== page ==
BAKERSFIELD, Calif. (KGET) — Kern County is in the process of reopening, but bringing societal norms back doesn’t take away from the losses that have come with a historic pandemic.
The majority of Americans have faced unprecedented change, including first-time mothers.
A newborn meets a world unlike the one we used to know. How do new mothers adapt to such drastic change?
Several local mothers said the journey has come with its own set of challenges. Being a new mother during a quarantine has also come with another form of isolation.
So, how do you define the mother who welcomes a newborn into the world, when life has evolved into something so foreign?
Dorothy Peterson, a woman born during the Spanish flu, said her mother faced personal challenges while giving birth during the last pandemic.
“I would suspect that my mother was not a very strong person,” Dorothy Peterson, born during the 1918 Spanish flu said. “It could’ve been because she was concerned about the flu epidemic.”
Peterson said she doesn’t remember much about the Influenza Pandemic in 1918.
Perhaps it’s because the 102-year-old Bakersfield woman was born the same year the world faced its last pandemic.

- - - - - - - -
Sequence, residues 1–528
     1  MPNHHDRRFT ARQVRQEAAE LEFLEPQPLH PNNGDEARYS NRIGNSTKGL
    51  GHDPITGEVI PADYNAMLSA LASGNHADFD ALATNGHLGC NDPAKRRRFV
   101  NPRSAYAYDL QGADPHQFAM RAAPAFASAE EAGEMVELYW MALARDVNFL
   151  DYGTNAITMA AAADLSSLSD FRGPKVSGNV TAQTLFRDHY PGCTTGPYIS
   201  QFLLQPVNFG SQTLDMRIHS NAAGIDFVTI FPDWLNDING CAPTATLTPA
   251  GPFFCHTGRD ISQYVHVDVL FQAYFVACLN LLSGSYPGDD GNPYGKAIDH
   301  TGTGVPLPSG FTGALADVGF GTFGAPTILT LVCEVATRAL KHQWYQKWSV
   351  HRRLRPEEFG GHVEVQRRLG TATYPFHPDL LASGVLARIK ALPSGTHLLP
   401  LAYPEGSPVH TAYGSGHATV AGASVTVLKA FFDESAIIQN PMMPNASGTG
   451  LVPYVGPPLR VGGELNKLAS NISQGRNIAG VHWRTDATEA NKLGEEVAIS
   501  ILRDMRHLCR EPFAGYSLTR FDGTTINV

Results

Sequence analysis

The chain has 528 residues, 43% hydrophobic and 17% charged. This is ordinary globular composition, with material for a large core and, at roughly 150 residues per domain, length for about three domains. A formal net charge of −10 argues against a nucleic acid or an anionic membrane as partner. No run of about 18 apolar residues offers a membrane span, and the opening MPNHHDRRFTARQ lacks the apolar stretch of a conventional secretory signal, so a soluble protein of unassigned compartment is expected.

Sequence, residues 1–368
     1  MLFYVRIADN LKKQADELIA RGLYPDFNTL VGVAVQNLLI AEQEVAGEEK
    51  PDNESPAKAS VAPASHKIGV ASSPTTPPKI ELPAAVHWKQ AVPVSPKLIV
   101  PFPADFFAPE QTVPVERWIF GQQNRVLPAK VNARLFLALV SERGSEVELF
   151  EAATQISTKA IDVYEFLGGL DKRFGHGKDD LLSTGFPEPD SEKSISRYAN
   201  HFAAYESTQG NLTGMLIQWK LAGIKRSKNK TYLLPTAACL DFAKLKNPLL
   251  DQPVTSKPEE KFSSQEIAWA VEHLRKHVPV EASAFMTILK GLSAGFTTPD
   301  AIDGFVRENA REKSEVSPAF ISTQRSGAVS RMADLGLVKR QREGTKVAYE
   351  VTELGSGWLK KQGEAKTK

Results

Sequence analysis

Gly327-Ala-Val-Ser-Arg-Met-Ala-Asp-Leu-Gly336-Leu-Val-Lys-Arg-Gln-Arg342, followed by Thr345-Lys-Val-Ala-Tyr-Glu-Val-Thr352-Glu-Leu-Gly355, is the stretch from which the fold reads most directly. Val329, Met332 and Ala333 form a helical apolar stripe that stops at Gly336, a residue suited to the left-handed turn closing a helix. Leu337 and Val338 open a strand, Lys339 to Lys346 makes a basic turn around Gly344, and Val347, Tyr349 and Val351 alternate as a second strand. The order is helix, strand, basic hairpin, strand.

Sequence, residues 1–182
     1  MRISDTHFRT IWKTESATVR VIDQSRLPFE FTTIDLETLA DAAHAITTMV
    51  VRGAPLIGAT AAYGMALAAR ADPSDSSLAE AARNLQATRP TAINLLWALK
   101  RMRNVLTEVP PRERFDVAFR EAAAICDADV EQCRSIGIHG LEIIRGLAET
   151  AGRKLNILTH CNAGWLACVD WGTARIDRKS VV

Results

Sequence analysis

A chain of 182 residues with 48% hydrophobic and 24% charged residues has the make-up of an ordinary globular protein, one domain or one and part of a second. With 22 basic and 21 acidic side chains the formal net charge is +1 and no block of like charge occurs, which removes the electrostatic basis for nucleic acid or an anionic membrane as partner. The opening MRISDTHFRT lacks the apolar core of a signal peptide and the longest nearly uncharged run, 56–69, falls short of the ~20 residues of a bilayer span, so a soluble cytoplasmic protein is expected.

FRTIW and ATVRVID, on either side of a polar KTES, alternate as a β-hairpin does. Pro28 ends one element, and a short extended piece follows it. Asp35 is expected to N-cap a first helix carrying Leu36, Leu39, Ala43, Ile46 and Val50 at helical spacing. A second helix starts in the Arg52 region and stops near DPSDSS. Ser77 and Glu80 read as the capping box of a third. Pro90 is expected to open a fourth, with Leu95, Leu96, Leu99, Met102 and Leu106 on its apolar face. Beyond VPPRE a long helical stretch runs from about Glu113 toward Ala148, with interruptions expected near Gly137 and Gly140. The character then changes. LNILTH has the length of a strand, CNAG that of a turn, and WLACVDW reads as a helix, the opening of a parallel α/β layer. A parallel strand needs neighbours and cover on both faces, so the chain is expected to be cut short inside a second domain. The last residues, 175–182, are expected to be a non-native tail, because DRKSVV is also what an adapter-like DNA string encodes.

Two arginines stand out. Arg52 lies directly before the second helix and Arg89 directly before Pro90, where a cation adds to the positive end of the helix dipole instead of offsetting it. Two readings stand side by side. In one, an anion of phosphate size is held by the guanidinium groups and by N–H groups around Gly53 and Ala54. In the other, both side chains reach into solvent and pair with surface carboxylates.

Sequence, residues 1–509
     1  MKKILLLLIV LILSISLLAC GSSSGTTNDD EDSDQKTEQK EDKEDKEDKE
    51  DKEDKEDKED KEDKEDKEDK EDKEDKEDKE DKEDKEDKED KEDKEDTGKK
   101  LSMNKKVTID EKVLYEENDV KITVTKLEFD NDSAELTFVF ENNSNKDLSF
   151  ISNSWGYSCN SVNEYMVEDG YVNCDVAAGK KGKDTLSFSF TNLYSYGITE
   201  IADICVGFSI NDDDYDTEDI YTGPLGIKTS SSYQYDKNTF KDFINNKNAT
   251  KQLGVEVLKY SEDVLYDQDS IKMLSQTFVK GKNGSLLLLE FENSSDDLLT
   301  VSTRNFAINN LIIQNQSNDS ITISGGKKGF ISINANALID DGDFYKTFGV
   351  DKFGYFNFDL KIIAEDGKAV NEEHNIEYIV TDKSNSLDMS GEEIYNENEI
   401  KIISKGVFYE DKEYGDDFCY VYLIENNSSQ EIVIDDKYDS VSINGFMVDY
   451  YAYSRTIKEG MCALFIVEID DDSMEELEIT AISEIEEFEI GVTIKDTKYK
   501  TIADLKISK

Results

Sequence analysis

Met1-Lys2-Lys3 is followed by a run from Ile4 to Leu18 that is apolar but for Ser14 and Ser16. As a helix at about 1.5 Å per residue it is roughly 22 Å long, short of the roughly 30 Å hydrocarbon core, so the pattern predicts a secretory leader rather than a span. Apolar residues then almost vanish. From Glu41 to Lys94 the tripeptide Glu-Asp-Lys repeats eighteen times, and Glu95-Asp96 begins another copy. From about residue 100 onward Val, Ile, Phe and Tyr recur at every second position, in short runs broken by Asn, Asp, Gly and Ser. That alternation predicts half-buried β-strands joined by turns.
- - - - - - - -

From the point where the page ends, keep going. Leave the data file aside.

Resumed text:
Dorothy said her family rarely brought up that painful time.
“I haven’t the slightest clue,” Peterson said. “Maybe they just wanted to forget it, bury it.”
While the woman who has lived through two pandemics gives us a glimpse into the past, some might ask: Is history repeating itself?
If this is familiar territory, how does a new mother overcome the challenges of given birth during a quarantine?
“We’ve had family members come through and look through a window in the house,” Tiffany Arias, a local mother who gave birth during quarantine said. “It just pulls at your heartstrings.”
Local mothers share the challenges that have come with raising a newborn during a pandemic.
“You’re just watching the news and thinking what world am I bringing this miracle that we waited 12 years for into,” Heather Wondra, a local mother who had her baby during the pandemic said.
The mothers say the experience has been unlike anything they could have ever imagined.
“The hospital was practically empty; it was almost eerie,” Arias said.
Yet in the face of uncertainty, they saw a silver lining.
“It’s hard because you don’t see friends or family,” Arias said. “But you have your little family with your kids.”
They found gratitude, and a recognition of their own strength.
“If you would’ve told me ten years ago, ‘You’re going to do this,’ I would be like no, I am not strong enough to handle that,” Wondra said. “But if anything, I feel like that’s how I’ll look back on it. I’ll remember, we did that.”